I came to Stanford looking for a student community as full of intellect, energy, creativity and civic commitment as I hoped to be when I graduated. When I started at The Daily my sophomore year, I knew I had found it. I found a new art form in journalism — a unique craft that marries interpersonal communication and writing to express a narrative that strikes satisfyingly at the truth. And I found peers at The Daily whose dedication to this craft was unbridled and infectious. I was instantly hooked.
One of the first things I noticed about The Daily was that at any given time of day or week of the quarter, you could always find someone at the House working on a story. People could be in an abyss of midterm exams and assignments, and yet something still called them to keep reporting, keep writing, keep perfecting their words and keep hitting overly optimistic deadlines. As I watched Daily staffers work longer and longer hours, I wondered what exactly it was that motivated them. It fell outside the usual incentives I recognized — money, academic units, prestige — but, whatever it was, I was beginning to sense that it was a powerful force. While this energy sometimes created dysfunctional workaholism and burnout in the newsroom, it was undeniable that there was something inimitably wonderful about the experience of student journalism that kept The Daily running.
As I moved from a staff writer to a news editor and eventually to co-managing the magazine, I began to feel this drive permeate my own core. Crafting a story from a nascent idea into a robust and beautiful piece of journalism uniquely satisfied my need for a creative outlet. Conceptualizing The Daily as a medium for creative expression helped me start to understand what was driving these students to pour themselves into the organization.
Like me, the people I met at The Daily cared deeply about the experiences and perspectives of others. Whether I was interviewing the chair of the Board of Trustees about University policy or chatting with fellow students about the subtleties of Stanford social circles, I loved how The Daily encouraged me to learn from my community. In our efforts to eliminate bias from our stories, we aimed to take an egalitarian and nonjudgmental approach to our sources’ diverse perspectives. I learned to keep an open mind, communicate with a wide range of individuals and find comfort in the grey areas and the nuance. For me, reporting became an interpersonal art form.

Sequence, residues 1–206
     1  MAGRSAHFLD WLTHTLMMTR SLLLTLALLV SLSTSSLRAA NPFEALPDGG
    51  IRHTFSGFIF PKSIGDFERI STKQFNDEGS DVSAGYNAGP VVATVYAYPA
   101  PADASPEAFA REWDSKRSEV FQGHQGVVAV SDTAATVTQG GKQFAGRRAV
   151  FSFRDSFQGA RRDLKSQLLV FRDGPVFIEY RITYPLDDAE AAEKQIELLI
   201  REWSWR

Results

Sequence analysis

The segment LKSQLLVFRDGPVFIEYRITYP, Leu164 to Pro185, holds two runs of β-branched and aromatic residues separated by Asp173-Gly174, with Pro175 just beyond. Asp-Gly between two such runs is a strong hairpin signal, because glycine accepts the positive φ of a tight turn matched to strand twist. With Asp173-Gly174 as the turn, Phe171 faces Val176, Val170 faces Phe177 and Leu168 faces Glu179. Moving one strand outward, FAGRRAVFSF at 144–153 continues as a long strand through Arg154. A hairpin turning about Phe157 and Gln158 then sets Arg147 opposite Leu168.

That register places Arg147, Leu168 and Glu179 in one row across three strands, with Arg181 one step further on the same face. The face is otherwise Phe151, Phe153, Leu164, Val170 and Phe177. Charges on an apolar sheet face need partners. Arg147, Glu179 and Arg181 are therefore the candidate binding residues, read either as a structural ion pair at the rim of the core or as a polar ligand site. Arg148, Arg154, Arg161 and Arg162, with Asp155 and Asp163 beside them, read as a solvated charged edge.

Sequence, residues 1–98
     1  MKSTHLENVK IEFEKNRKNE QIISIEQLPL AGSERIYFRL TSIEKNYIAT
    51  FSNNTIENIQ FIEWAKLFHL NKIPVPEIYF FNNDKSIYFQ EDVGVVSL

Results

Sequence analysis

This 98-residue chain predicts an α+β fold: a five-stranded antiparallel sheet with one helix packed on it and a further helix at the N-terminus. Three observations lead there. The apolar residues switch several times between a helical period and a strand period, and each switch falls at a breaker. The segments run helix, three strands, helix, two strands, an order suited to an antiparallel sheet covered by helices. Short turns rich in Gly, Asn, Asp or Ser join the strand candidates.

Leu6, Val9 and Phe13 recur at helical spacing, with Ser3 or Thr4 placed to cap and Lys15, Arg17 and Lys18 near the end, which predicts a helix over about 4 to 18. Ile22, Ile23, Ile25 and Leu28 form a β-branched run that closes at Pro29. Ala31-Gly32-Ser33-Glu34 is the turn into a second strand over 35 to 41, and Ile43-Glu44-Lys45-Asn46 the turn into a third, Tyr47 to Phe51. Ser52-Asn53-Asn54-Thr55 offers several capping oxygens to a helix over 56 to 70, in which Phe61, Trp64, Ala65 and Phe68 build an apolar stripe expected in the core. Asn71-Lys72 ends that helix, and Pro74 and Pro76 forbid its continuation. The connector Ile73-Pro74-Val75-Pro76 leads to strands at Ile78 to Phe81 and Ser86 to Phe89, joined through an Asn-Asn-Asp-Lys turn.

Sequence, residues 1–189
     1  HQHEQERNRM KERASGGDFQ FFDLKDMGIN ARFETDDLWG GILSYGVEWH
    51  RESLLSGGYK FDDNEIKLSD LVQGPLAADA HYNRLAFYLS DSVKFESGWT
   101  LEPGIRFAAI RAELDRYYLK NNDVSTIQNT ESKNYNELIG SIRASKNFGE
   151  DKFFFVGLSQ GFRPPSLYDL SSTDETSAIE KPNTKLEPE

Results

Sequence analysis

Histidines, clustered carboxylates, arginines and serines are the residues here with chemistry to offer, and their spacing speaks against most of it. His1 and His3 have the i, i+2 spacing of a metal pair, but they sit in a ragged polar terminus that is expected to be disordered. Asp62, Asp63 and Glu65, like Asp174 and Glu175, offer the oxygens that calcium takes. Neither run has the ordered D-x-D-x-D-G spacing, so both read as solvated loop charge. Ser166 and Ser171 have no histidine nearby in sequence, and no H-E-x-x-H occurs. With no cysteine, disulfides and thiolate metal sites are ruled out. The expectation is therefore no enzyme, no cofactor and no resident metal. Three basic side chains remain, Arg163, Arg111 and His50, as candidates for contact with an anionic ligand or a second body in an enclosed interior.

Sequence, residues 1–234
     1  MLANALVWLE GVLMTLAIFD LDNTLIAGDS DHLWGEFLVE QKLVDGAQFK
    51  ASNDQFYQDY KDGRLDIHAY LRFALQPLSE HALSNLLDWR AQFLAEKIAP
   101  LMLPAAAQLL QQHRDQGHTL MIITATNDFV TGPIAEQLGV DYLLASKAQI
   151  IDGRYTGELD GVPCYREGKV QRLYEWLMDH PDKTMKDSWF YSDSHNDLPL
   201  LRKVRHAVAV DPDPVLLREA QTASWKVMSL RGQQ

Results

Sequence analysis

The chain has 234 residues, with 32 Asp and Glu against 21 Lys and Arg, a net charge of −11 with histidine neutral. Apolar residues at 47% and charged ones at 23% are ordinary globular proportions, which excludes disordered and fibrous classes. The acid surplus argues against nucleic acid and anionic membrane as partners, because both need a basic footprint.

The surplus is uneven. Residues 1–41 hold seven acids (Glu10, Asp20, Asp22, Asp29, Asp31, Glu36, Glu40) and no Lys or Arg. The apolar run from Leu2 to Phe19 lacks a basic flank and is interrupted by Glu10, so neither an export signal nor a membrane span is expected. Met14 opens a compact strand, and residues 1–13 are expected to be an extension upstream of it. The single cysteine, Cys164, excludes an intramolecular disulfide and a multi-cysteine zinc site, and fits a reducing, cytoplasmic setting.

Ultimately, I believe this passion for individual narrative is an expression of Daily staffers’ genuine care for civic improvement. We are simultaneously big thinkers and incrementalists, visualizing sea changes in our opinions and highlighting reform at its very grassroots in our newsroom. I remember spending long nights at the House agonizing over the 2018 midterm elections, as well as weekly happy hours discussing the Stanford administration’s efforts to improve student life. I connected with my Daily friends through our shared belief that individual experiences matter, and that by highlighting these narratives we might inspire our community to make changes that would improve the lives of others.
Beyond this more civic drive, I think my fellow staffers and I are motivated by the uniquely gratifying experience of writing itself. There is joy to be derived from finding the perfect words and anecdotes to put together in creating a story. For me, this joy was amplified when I began working on the magazine and saw how graphic design can contribute to this craft. It’s difficult to describe the emergent property that comes from hours spent perfecting the words, structure and design of a piece, but it is what drives us.
Perhaps that property we strive toward is truth. We investigate and fact-check to present truthful information to our readers; we seek balanced and diverse sourcing to reflect the true range of opinions in our community; we include photos and graphic design that create a meaningful, cohesive and emotionally truthful reading experience. We don’t always succeed in these efforts, printing corrections and follow-ups when we realize we have erred. But expressing the truth is an alluring and addictive challenge for us that we share with journalists around the world.
The Daily fills the expressive need of innovative and perfectionist creators with a penchant for civic improvement. The paper was always as much for us as it was as it was for the rest of the Stanford community. Seeing our words, photos and design reflected in the paper or the magazine reminds us that our hard work was worthwhile. I am so grateful to The Daily for helping me find a creative process that fulfills me like nothing else, and for introducing me to other incredibly hardworking individuals — now lifelong friends — who share these values with me.
Contact Katie Keller at ktkeller ‘at’ stanford.edu.